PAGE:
Remembering Toni Morrison
The author, teacher, Nobel laureate, and a great American writer has died at the age of 88.
The question of what is real is at the heart of magical realism. This implies that our notions of reality are too limited—that reality includes magic, miracles and monsters. Few novels embody this concept move vividly that the celebrated Beloved by the Nobel Prize winner Toni Morrison.
When dealing with trauma in storytelling, authors often turn to magical realism. The very origins of the genre are rooted in the colonial trauma expressed in the work of the Latin American writers; same is true of the African American experience. Some realities are too inhumanly unnatural to be examined unless a supernatural lens is applied, and nobody does it better than Toni Morrison in Beloved.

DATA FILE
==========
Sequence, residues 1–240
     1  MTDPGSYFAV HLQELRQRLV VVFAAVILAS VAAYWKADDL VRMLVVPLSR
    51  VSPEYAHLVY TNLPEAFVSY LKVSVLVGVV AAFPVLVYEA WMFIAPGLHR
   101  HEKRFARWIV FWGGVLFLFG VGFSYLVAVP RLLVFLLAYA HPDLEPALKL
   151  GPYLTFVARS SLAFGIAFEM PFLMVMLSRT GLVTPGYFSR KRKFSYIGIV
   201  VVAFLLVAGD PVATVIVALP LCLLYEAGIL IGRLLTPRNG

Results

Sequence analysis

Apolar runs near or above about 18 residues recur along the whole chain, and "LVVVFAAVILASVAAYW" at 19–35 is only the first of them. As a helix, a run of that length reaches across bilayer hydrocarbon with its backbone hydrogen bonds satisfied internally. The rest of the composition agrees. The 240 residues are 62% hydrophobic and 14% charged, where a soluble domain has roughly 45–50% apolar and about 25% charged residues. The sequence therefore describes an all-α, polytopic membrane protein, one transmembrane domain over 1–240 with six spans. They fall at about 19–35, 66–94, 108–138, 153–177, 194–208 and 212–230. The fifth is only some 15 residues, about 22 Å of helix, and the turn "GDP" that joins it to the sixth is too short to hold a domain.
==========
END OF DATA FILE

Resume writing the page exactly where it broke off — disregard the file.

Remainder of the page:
“At some point in life the world’s beauty becomes enough. You don’t need to photograph, paint or even remember it. It is enough.” —Toni Morrison
Sethe, the protagonist of Beloved, was born a slave and escaped North, but eighteen years later she is still not free. She has too many memories of Sweet Home, the beautiful farm where so many ugly things happened. Her new home is haunted by the ghost of her baby, who died nameless and whose tombstone is engraved with a single word: Beloved.
Like the Latin American, the African American storytelling tradition rejects the primitive Western dichotomy of reality vs fantasy or truth vs fiction. The line between worlds blurs, and the mystery is accepted as a possibility, creating a narrative rich in metaphor and poetry, yet ultimately true to reality.